Theatre Review: Fela!Posted on: 21 December 2010 by Rhian Mainwaring
Take the pounding rhythms of Afrobeat, a blend of funk, jazz and traditional West Indian drumming and mix with a scathing attack on the corrupt and repressive military dictatorships that rule Nigeria and much of Africa, and the result is the exuberant and thought provoking new musical Fela!, directed and choreograped by Bill T Jones at the NT’s Olivier auditorium.
Not exactly a household name in the UK, Fela Kuti who pioneered this distinctive new brand of music is held in high esteem in his native Nigeria. Sent to London in the 1950s to study medicine, he switched to music and led a hedonistic life. After being radicalised by Black Power in America, he returned to Nigeria and took on the generals who were running the country with incendiary and provocative songs.
A thorn in the government’s side, they exacted their revenge in 1977 by burning down the compound where he lived in Lagos, which he declared an independent state, arrested and tortured many of his followers and ordered that his activist mother be thrown out of a first-floor window, of which she later died.
Passion and politics combine in this uplifting, at times hypnotic, musical with the auditorium theatre transformed into the legendary nightclub, the Shrine, while film archive and posters on the walls inform us of the news events that took place and further enhance the sense of realism. The story, though, is flimsy and confused, moving back and forth in time and would have benefitted from a stronger sense of narrative and more depth.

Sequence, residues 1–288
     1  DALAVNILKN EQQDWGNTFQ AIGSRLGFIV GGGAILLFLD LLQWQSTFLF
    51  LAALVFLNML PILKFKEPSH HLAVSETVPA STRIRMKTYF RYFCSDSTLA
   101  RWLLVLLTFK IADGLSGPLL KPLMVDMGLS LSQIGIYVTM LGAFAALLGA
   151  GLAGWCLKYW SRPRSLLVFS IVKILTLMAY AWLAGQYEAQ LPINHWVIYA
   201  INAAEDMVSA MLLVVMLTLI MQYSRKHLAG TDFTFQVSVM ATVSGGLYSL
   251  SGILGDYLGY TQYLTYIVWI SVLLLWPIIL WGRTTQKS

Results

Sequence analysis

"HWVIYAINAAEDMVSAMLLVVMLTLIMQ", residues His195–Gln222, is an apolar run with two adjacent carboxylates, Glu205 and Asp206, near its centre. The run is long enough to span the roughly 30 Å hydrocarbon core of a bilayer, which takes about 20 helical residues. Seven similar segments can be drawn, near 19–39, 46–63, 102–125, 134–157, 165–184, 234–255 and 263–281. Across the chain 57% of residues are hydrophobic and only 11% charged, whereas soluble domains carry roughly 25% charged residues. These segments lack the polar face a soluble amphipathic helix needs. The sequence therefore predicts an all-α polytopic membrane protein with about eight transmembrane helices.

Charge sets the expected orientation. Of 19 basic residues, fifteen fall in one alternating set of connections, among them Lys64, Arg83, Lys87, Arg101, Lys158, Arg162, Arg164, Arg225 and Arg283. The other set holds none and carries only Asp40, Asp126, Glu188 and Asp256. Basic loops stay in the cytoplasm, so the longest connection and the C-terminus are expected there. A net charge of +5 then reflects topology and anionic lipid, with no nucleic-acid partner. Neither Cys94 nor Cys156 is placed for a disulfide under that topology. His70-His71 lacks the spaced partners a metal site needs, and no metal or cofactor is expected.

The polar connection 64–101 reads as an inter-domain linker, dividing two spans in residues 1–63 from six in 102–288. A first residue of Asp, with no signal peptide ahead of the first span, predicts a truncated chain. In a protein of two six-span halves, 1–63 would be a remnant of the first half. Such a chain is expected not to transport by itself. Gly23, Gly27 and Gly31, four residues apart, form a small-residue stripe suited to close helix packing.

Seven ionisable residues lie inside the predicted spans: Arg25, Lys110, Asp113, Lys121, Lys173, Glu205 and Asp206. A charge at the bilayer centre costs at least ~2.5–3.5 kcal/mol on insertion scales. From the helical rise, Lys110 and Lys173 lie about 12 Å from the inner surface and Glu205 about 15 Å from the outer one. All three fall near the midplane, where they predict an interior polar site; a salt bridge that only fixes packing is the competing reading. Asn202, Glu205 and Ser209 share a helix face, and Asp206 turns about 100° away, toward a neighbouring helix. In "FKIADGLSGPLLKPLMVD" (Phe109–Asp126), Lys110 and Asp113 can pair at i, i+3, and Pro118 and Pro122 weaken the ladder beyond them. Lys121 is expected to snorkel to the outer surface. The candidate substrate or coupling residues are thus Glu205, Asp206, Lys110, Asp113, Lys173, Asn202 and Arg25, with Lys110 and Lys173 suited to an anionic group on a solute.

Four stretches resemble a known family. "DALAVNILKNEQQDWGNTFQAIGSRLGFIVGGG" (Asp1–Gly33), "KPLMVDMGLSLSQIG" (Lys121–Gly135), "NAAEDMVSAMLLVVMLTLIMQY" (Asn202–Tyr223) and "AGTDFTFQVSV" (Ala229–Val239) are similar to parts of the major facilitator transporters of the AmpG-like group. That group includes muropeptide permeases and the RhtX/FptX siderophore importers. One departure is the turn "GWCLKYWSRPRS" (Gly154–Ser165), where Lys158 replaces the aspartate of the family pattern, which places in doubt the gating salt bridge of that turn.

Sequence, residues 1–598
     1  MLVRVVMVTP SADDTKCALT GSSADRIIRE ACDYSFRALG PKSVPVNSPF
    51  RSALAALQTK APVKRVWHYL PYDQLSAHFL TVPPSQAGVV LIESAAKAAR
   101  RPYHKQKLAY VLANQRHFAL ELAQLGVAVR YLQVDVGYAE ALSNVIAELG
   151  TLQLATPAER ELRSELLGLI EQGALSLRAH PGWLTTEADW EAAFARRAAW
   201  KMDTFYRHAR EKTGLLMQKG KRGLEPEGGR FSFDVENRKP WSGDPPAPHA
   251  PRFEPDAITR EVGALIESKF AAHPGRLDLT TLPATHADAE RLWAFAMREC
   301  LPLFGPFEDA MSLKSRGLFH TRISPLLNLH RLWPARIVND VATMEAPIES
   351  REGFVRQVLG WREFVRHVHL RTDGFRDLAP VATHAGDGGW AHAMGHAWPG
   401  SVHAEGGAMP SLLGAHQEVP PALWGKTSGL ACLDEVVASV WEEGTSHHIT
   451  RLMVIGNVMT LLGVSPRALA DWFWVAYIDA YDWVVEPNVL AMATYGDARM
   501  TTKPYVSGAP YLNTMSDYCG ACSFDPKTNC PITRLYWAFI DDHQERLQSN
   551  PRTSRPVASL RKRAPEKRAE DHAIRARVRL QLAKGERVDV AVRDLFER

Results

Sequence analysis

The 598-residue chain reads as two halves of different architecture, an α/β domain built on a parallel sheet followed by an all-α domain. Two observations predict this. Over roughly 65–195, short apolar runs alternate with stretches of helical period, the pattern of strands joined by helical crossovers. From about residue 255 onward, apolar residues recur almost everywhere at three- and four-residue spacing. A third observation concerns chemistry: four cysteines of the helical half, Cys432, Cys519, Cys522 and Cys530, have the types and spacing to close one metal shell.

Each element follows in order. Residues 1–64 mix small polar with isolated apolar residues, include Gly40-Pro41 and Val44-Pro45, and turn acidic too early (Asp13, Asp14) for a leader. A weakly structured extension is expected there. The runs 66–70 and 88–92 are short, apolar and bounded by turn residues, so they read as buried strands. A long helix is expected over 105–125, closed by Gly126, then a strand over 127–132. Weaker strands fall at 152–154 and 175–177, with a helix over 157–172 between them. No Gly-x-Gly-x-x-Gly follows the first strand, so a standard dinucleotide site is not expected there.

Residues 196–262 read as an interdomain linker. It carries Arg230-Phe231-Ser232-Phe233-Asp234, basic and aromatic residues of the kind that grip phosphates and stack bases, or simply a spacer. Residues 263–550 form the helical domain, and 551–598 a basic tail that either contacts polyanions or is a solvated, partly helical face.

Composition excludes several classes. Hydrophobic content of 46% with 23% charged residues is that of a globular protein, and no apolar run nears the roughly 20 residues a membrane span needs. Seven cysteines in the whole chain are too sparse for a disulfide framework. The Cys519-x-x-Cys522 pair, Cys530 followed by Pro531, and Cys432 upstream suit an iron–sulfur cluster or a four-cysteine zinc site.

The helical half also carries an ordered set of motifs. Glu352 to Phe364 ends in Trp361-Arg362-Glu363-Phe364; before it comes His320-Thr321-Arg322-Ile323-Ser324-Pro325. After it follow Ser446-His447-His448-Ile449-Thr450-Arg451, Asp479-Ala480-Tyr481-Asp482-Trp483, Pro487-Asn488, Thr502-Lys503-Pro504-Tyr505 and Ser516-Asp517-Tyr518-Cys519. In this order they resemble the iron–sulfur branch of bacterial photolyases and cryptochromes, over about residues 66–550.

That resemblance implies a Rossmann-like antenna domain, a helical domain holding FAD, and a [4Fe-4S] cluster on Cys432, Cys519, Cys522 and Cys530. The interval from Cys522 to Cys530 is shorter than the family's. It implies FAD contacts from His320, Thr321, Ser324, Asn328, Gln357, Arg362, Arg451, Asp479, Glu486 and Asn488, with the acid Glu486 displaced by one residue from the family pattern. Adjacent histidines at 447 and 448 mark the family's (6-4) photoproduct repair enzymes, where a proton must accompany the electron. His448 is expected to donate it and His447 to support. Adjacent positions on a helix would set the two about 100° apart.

But, having said that, there are few musicals around with such drive and energy – the dancing is ecstatic and sets the stage alight, thanks to Bill T Jones’s splendid choreography, and the music more than impressive with a first-rate 12-piece band delivering stylish arrangements by Aaron Johnson and Jordan McLean.
Sahr Nguajah brings a real intensity and charisma to the role of Fela , the rebel who revolutionised African music, who could be abrasive one minute and soulful the next. Indeed one of the most moving scenes is when Fela finally meets his dead mother in a Yoruban ritual, and it makes you feel his struggle has been really worthwhile, although I wish the show had given us a greater perspective on his real qualities and weaknesses. Nguajah is strongly supported by Jacqui Dubois playing as Sandra Isadore, a close friend of the Black Panthers with whom he has a relationship.
Despite its drawbacks this is a musical with true verve and panache which reminds you that popular music is not something that can be enjoyed one day and forgotten the next, but can actually be a matter of life and death.
Photos of the original Broadway Cast, by Monique Carboni
Theatre reviews by Laurence Green
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